Fine,but why should these people ‘who have had a life’ then get to criminalise people who ‘have lives’? In what way is that legitimate?

    The thing is, here you are apparently supporting people taking drugs as ‘having a life’. Well, personally I don’t think you need to do anything illegal to ‘have a life’ but that’s neither here nor there. The point is that you are glorifying the fact that our politicians take drugs whilst simultaneously supporting their right to tell us that we, the public, shouldn’t take drugs.

    I suppose it’s coz we’re all stoopid and didn’t go to Oxbridge, and therefore aren’t intelligent enough to make decisions about these matters for ourselves. Innit?

  • “If those same people now think that ecstasy should continue to be illegal, then that does not make them hypocrites – it makes them people who are able to reflect maturely on their own behaviour when they were very young people”

    It makes them hypocrites if they still refuse to face the legal penalty for that illegal action 20 years ago.

    If you have broken the law but not faced the law, then you don’t have the right to make the law.

  • I don’t care that Mensch took drugs or that she writes rubbish novels, what I’m wondering is why she was wasting an golden opportunity to question Murdoch about News Corp by throwing him bones about their competitors all being just as bad.

  • Matthew Harris,

    I am an RP-talking white male who grew up in a posh part of London and went to Oxford University

    As are most people in parliament, yet they are a minority in this country. Most of them believe that they speak for the common man or woman too.

    I hate to tell you this, but most of them are hopelessly out of touch and represent a sector of society which should have far less representation in any powerful body, elected or otherwise.

  • Rob,

    If you have broken the law but not faced the law, then you don’t have the right to make the law.

    and this was why Jack Straw had to take his own son to the police when he was caught offering drugs to a journalist. It might have not been the best thing to do as a parent, but as a lawmaker, and home secretary, it was the only thing he could do if he wished to maintain any authority.

  • Matthew Harris,

    I stand by my concern that there are far too many people of your background in parliament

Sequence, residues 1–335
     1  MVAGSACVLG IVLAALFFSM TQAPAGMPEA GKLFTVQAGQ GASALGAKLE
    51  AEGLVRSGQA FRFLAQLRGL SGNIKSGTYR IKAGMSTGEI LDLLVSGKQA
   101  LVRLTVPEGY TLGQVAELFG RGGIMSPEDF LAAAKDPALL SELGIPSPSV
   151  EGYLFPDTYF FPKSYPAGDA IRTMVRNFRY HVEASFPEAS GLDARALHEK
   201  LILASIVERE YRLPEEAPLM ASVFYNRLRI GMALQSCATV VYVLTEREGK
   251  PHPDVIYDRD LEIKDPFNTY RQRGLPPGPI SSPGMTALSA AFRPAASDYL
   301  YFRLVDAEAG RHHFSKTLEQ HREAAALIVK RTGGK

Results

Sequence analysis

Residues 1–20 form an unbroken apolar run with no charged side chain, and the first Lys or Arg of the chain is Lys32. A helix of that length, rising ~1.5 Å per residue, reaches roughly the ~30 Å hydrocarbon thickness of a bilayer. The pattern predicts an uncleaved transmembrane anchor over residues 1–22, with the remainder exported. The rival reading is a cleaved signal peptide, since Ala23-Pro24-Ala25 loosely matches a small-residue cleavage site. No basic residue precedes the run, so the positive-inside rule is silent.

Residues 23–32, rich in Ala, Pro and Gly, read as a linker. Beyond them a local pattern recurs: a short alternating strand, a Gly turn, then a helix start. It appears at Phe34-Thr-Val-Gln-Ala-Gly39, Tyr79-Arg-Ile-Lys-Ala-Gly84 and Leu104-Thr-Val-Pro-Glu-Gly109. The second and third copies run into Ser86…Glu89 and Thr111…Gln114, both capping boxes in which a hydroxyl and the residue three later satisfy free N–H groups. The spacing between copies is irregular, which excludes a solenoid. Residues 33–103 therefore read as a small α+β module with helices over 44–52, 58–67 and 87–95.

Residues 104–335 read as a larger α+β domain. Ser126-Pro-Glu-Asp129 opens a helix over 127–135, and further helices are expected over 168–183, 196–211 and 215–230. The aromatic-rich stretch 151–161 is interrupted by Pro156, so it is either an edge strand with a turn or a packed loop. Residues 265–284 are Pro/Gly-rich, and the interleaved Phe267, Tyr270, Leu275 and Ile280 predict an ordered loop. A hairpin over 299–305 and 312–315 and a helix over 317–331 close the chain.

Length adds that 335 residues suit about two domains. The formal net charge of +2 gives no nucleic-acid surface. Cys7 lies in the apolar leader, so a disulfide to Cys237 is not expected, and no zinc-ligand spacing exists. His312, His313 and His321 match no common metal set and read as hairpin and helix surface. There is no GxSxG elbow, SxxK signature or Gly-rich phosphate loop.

http://www.independent.co.uk/news/education/education-news/increase-in-number-of-mps-from-private-schools-1970414.html

    I have no wish to see fewer university educated MPs, although an increased diversity of subject away from PPE and Law is desirable, as educational achievement is often a marker of (some) ability. I would like to see fewer people from a wealthy or privately educated background as money buys achievement beyond ability and people from this background are often woefully ignorant of how the other 97% live.

    .

  • Alex McFie

    Do you really want the UK to be like Poland, pursuing people even across borders for every piddling little offence however long ago it was?

    If it’s a piddling little offence then why does it exclude you from many jobs, including, it seems, becoming an MP? Surely your argument that it should have no long term consequences is therefore an argument for decriminalisation? Which is exactly the argument people are demanding that Mensch make instead of her hypocritical guff.

  • Alex MacFie,

    t does not seem to have excluded people from becoming an MP, as there have been MPs who have admitted to drug-taking in their youth.

    The argument is that there are no MPs with drugs convictions, only MPs lucky enough not to be caught. A conviction would result in parliament not being an available career option. hence the accusations of hypocrisy.

  • @Matthew Harris: Question: should Mrs Mensch be punished today for taking drugs ten years ago? Another question: should an “urban youth” be punished today, for taking drugs last week?